I am not equal in Utah

When trying to choose who to vote for in any election – whether it be local, or for President – I believe that most of us try to imagine how we want our communities to be different. This is certainly what preoccupies my mind, and there is so much that I want to change.

Utah is an odd state. Salt Lake  City, liberal by any measure, is surrounded on all sides by one of the most devoted conservative strongholds in the nation. This leads to a tremendous conflict between expanding and supporting social rights, and restricting them based on religious ideology largely controlled by the LDS church. These interactions are normally a bleak reminder of how far our state has to come. Currently in the Utah House, there is a bill called the Sovereign Marriage Authority Act proposed by Representative Lavar Christensen. The bill simply states:

If, and to the extent, judicial decisions require action that is contrary to or inconsistent with the democratic process and the state’s time honored and enduring sovereign marriage authority, such decisions shall be narrowly construed and applied. The state may defer and comply with such decisions, but compliance does not negate or diminish the state’s continuing full reservation and exercise of sovereign authority at all times as recognized and provided in Section 63G-16-101, nor does it compel or require changes in other areas of the law including child welfare and adoption. 

If passed, it would mean that while Utah confers marriage licenses to all couples – as required by the Supreme Court – they will only interpret it to apply to the licenses themselves and not to other rights that marriage confers. Adoption services would show preference to straight couples, and presumably any other services provided to couples would show preference to straight couples rather than being provided on an equal basis.

There is a similar fight to derail an amendment proposed by Stephen Urquhart (R) that would modify hate crime legislation to include sexual orientation and gender identity in addition to existing categories such as race and religion. Hate crime legislation is important because it combats systemic and premeditated crime, and it specifically includes groups that have been historically marginalized or targeted. The LDS church has openly fought against modifying hate crime legislation:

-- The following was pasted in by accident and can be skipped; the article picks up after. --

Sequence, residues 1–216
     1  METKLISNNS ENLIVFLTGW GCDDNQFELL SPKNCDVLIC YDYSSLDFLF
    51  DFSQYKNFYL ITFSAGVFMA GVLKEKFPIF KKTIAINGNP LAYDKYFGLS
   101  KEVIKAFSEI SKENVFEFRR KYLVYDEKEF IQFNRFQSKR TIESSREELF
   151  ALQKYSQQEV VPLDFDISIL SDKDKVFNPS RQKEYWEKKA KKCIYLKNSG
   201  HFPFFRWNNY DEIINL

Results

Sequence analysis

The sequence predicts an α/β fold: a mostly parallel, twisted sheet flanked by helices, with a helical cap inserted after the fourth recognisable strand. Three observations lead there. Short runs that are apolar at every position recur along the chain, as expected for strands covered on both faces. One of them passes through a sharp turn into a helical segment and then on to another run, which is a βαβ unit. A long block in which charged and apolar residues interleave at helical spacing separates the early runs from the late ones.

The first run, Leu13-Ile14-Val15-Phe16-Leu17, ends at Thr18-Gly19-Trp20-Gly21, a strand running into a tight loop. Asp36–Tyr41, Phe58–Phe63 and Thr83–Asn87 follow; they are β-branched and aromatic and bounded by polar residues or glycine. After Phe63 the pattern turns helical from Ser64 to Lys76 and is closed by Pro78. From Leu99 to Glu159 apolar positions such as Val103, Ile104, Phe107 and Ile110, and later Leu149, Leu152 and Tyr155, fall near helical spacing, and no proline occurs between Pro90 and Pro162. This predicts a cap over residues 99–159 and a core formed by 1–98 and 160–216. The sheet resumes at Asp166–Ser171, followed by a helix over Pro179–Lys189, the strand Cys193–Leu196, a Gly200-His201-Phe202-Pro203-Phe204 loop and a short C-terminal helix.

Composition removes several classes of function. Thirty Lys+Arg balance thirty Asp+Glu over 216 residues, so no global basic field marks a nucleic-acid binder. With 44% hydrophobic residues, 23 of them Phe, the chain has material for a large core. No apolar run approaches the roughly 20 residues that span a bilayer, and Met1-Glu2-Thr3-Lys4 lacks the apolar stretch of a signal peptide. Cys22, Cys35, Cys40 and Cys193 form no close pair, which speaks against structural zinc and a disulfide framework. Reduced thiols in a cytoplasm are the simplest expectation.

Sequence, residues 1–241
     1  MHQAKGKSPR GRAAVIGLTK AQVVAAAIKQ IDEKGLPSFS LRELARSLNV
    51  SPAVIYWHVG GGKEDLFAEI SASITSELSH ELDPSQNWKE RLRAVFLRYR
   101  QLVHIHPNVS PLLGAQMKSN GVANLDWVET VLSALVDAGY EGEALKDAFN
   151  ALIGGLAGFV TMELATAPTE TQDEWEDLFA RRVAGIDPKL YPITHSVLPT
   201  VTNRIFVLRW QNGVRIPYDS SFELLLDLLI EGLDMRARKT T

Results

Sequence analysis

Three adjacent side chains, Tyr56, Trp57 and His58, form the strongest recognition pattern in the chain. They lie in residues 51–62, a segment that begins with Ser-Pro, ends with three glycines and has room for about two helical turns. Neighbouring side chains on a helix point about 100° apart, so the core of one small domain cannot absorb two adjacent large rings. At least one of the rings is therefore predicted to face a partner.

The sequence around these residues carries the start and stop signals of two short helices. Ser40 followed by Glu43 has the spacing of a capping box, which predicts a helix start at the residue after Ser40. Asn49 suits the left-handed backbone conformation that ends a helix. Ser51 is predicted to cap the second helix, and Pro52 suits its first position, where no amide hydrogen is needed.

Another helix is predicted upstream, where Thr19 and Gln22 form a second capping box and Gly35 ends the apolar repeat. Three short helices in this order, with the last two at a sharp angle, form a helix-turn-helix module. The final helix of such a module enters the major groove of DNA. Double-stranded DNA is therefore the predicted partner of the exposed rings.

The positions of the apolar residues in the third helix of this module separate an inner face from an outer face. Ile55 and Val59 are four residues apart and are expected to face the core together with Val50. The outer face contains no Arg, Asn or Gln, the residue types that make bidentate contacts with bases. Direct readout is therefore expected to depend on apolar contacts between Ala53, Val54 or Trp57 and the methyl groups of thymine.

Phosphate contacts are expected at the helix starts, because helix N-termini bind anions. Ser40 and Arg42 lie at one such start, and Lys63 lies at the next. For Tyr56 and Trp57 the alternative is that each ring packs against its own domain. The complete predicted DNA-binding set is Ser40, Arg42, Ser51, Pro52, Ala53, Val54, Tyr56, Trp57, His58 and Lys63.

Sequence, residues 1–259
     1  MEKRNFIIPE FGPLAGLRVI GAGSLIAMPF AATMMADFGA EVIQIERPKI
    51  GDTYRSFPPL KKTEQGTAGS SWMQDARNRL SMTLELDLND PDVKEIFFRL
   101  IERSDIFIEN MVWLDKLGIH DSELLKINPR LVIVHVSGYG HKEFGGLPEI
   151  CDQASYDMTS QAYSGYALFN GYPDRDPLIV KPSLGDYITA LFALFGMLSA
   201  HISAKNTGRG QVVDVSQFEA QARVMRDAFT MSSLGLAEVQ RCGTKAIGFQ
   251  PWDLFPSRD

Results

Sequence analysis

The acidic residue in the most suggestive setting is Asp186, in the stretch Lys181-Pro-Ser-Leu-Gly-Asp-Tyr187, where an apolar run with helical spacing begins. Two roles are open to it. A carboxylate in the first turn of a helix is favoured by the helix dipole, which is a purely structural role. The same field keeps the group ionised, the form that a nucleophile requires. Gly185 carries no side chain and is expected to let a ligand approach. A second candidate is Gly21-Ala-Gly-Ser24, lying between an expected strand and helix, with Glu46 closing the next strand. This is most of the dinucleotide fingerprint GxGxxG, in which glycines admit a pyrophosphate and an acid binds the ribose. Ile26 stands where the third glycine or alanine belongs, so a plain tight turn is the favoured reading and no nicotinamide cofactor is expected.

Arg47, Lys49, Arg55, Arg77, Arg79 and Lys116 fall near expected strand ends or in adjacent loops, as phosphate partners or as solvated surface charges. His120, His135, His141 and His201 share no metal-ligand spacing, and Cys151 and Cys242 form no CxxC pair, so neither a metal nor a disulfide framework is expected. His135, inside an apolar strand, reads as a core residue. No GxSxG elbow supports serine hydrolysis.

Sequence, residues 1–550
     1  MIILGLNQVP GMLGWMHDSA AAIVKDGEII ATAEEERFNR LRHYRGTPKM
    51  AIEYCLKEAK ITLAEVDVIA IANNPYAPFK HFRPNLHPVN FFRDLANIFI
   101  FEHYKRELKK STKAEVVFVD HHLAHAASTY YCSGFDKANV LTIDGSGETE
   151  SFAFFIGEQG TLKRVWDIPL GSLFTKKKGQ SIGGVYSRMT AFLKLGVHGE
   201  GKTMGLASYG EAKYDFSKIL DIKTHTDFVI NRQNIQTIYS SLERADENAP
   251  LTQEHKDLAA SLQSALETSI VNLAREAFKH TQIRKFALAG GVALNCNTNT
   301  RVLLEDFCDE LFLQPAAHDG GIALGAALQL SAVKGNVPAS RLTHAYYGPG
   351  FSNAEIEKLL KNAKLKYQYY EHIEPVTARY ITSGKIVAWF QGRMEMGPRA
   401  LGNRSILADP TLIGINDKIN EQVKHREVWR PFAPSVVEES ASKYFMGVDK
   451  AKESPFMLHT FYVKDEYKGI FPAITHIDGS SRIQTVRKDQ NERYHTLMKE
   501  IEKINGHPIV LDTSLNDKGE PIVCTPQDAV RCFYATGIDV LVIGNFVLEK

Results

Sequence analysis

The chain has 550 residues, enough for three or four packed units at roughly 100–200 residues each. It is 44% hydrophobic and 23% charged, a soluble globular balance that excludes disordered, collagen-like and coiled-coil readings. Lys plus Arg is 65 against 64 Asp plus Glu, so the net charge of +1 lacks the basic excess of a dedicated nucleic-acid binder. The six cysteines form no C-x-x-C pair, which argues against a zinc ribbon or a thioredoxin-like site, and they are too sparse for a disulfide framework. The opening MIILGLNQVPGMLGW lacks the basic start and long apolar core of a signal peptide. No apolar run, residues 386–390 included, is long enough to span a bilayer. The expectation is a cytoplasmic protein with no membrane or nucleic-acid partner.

“The Utah Legislature achieved something extraordinary last year in arriving at legislation that protected both religious liberty rights and LGBT rights,” said church spokesman Dale Jones in a statement Wednesday afternoon which was released in response to media inquiries. “Interests from both ends of the political spectrum are attempting to alter that balance. We believe that the careful balance achieved through being fair to all should be maintained.”

The church ignores the fact that its members are specifically protected by hate crime legislation, their long history of being victims of hate crime [more] [more] [more], and the LGBT community’s long history of being targeted for their sexual orientations and gender identities. It is a sad thing, but it is not unexpected.

Clearly, when private entities, churches and community leaders believe that discrimination and hate are not worthy of condemnation there needs to be large-scale change that validates and empowers victims to feel equal and most importantly, safe. Utah is not a safe place for people that are LGBT. It is not a safe place for minority communities, and it needs radical change.